“I am not the fanatically committed royalist that I am sometimes portrayed,” Mr. Harper wrote after he had read my book on the Crown in Canada. “On the contrary, until fairly recently in my life I was a rather passive and uncommitted supporter of the status quo on the issue of the monarchy. Over the past decade, however, I have had a privileged vantage point from which to observe the many and profound strengths of the institution. I have likewise seen the likely alternatives about which I have become quite alarmed.”
That’s not exactly a rousing endorsement, I admit, but it does seem typically Canadian and I do believe it also reflects a majority viewpoint.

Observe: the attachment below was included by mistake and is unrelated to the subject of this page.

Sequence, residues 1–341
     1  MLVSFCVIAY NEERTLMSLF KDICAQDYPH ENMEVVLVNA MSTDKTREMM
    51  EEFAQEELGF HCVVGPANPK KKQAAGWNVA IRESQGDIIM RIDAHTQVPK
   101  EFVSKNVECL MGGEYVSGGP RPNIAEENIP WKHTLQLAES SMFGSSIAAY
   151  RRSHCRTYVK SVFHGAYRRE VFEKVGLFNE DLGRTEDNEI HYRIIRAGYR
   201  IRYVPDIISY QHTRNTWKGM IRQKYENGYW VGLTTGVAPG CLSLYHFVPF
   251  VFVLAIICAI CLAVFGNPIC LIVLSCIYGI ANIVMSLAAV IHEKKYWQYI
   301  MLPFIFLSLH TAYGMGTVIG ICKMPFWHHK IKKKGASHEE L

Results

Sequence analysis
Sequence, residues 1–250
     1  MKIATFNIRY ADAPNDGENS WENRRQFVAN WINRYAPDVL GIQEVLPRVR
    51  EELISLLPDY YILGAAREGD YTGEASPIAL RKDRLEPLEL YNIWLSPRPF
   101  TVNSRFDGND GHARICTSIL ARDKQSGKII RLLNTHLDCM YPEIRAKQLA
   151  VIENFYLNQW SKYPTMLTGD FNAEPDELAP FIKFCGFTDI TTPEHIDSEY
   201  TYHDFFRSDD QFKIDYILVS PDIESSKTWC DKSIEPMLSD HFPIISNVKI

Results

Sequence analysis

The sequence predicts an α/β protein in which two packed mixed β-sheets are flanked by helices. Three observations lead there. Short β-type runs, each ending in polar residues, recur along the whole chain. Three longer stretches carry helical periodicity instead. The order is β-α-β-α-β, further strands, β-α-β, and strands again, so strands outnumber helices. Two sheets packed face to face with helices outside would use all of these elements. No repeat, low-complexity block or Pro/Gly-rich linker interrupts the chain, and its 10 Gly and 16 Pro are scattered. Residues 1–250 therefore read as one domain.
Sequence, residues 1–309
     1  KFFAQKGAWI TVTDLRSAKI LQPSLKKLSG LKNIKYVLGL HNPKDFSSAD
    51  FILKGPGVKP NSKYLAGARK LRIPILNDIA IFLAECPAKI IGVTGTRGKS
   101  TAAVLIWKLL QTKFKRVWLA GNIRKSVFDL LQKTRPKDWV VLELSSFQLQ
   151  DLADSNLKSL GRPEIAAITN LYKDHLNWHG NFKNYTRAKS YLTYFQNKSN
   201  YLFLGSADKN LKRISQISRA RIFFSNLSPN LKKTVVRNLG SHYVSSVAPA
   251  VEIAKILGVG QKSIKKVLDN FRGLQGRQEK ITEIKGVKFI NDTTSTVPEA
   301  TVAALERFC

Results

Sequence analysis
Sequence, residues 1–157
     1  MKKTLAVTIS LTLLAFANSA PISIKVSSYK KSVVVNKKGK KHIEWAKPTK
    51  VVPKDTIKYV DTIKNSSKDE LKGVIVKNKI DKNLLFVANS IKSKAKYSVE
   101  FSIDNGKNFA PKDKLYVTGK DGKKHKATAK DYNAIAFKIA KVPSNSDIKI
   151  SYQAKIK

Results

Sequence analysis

On the other hand, the number of serious citizens who find the business of having an “English/British queen” as our head of state a scandal and bemoan the fact that no Canadian can aspire to the title of “head of state” have serious arguments to posit, arguments which supporters must contend with. As a supporter of the Crown, it often seems necessary to make the case for this hugely undervalued institution, recognizing that there will always be those who will never agree or understand the business. In the end, trying to persuade such folk is not unlike trying to explain an opera to someone fixated on the plot and for whom the music is irrelevant. Nevertheless, here goes: